The Turneffe Atoll Sustainability Association (TASA), the Ministries of the Blue Economy and Tourism launched, what is described as the next step in improving Belize’s profile as a tourist destination. Divers and tourists will soon get to see “The Wit Concrete”, a 375-foot vessel that was shipwrecked in Belize’s waters. Built between 1942 and1944, it was a floating transfer station to transport supplies around the Gulf Coast and Eastern Seaboard of the US during the World War Two. Most recently, she was used for the storage of molasses by the Belize Sugar Industries Ltd. (BSI), who gifted her to TASA in May 2021. Now that this vessel is being repurposed, we asked TASA’s executive director, Valdemar Andrade how this next venture will create jobs.
Valdemar Andrade, Executive Director, TASA: “In talking to both the resort owners and the eighteen operators that operate with us and the Belize Tourism Board we’re all looking at a product to relaunch all of those resorts and operators and so those eighteen operators that do their operations and the four resorts definitely this will be a major aspect in keeping them full and keeping them running. So I will start with that. I think it will grow over time as people after this there will certainly be more interest and we will have to manage that interest but I will keep it at that for now. You know in terms of the numbers that are there and certainly we are looking at well over a thousand people in terms of employees and people that work at those resorts and operations.”
The Wit will become Belize’s largest wreck dive and reef enhancement project to be located at Blackbird Caye, within the Soldier Caye Conservation Zone in the Turneffe Atoll Marine Reserve. According to Andrade, it will relieve stress on natural reef habitats, while providing an exciting alternative wreck dive destination. Love News asked how this will coexist with delicate marine ecosystems nearby.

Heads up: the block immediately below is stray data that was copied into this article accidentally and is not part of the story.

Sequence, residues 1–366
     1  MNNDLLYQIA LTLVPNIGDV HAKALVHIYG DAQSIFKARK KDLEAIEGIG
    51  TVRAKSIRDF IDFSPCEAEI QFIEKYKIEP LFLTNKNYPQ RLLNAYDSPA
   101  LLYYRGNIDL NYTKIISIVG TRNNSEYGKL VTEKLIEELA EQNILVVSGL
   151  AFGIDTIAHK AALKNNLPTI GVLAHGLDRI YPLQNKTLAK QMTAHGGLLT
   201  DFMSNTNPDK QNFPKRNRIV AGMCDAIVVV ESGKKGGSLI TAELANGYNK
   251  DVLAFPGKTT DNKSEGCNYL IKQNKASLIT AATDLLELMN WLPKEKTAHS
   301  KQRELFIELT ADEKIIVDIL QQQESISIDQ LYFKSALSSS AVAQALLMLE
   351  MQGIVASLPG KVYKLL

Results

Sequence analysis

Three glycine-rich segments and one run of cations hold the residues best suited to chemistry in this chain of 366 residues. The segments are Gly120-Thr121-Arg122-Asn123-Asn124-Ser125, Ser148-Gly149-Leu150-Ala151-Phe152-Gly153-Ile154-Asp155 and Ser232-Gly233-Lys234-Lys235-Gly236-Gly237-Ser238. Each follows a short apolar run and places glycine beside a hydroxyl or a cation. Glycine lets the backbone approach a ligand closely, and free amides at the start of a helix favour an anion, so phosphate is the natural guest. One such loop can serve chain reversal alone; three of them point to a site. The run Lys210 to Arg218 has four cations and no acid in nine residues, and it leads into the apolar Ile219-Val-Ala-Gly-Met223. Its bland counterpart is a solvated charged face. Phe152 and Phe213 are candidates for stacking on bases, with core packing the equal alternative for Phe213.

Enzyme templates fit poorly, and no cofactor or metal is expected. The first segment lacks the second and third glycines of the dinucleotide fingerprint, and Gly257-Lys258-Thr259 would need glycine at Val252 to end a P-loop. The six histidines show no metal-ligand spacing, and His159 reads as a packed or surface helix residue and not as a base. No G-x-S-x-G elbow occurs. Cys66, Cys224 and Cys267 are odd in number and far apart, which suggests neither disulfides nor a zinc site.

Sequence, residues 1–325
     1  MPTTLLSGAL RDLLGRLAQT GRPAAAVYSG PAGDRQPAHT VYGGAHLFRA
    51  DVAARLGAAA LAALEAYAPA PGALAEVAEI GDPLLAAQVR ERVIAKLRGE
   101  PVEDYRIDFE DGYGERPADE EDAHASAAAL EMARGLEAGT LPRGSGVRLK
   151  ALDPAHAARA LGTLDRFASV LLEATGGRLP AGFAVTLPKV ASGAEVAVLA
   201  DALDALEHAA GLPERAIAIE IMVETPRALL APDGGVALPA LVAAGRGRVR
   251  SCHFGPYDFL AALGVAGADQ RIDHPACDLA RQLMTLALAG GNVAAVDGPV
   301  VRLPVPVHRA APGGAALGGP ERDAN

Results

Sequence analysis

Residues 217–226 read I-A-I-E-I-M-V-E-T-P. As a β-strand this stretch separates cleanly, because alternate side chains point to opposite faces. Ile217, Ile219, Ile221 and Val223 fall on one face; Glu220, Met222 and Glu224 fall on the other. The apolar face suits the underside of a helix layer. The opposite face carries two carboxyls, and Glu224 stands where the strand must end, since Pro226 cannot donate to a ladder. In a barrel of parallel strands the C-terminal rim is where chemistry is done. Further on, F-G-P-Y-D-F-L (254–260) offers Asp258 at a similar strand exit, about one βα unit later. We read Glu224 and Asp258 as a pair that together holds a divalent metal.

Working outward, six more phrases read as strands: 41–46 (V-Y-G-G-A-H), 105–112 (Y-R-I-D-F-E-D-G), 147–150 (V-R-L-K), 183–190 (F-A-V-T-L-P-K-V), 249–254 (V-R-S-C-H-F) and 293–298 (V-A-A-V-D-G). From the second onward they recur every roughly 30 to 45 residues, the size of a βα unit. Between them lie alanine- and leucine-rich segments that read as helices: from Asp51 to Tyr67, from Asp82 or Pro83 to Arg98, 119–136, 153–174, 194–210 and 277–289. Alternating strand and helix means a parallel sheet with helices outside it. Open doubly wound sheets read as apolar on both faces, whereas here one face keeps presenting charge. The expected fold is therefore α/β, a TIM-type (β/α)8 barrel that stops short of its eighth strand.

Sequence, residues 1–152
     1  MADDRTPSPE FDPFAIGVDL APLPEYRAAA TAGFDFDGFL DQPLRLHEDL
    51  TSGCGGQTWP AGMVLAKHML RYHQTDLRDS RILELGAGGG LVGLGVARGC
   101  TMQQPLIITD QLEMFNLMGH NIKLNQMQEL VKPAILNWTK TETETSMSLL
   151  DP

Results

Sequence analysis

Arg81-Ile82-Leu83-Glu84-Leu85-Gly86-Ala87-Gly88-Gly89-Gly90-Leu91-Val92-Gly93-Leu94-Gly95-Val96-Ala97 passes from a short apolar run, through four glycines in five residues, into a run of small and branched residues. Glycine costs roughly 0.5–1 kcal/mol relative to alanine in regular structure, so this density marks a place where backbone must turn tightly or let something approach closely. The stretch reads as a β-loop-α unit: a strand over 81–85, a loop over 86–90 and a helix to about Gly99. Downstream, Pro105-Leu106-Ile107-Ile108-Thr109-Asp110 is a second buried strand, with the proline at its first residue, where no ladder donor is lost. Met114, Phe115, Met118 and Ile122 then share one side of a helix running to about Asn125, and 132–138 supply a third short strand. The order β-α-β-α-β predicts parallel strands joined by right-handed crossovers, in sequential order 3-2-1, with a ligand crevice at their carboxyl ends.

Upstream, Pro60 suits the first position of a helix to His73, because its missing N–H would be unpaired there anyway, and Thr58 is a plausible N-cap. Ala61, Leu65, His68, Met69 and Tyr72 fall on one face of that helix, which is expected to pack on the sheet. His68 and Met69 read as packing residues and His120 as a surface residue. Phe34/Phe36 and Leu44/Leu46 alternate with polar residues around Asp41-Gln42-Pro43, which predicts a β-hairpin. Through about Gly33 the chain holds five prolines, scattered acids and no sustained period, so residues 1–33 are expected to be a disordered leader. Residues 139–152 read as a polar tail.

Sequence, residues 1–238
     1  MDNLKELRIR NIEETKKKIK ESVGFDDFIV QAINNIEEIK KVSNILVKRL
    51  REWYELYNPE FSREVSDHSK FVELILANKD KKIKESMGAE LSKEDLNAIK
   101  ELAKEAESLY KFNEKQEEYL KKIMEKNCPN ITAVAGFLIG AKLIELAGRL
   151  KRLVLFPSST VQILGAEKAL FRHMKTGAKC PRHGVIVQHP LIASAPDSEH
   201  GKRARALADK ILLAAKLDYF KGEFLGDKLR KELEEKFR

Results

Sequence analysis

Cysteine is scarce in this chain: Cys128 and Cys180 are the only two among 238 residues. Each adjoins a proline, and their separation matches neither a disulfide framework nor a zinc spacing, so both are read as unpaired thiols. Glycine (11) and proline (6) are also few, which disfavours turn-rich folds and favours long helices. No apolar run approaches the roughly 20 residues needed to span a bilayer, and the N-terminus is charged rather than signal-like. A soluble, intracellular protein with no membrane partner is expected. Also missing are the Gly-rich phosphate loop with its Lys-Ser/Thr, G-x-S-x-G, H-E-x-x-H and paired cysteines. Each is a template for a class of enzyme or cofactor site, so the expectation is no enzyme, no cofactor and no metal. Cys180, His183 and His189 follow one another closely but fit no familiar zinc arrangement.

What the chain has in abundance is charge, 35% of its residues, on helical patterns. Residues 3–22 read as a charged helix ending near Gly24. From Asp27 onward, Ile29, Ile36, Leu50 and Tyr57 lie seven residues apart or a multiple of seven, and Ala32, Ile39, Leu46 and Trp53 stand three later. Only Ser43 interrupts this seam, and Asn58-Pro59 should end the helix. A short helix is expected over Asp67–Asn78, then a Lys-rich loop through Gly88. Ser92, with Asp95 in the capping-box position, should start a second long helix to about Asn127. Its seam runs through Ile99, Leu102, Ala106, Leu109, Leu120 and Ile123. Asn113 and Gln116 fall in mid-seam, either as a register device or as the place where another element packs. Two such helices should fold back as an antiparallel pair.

Valdemar Andrade, Executive Director, TASA: “This was one of the tough questions that we were asked about by the Ministry of Blue Economy, Oceana and many people. So the idea here is that we are putting down this to be able to create an artificial reef. So in creating an artificial reef we will be replanting coral is one of the major aspects and so we will be adding value to the environment. It will also become a fishing aggregation device because at the end of the day fishes will congregate as corals grow because the corals bring fish and they work in harmony with each other because you will also get the grazers who will help the coral to grow over time. And so it also allows us to spread divers from the natural dive sites and be able to spread them out over different spaces. Eventually you have to look at how you spread day operators and resort operators who operate there on a daily basis year round and are our central focus in terms of our business. So in my estimation it really adds value and it really adds an opportunity for us now to look at what else can we do in terms of adding to the environment and bringing in other aspects. But I’ll tell you the most important part of this that I don’t want anybody to miss. This has allowed us to have a real conversation with our private sector partners because before this we would approach them with the big stick and say we have an SI that says you have to pay the fee but now we’re adding value, we’re bringing a product and then now we’re talking about conservation based on that product so it’s a launching point for us the government and the private sector to really join to be able to say okay this is how we can make this approach and so from that point of view the funds that are gonna come from this are gonna impact the entire TASA team to be able to do the conservation work and you can grill me later on the key performance indicators for that because we should be able to product that for you in a couple years.”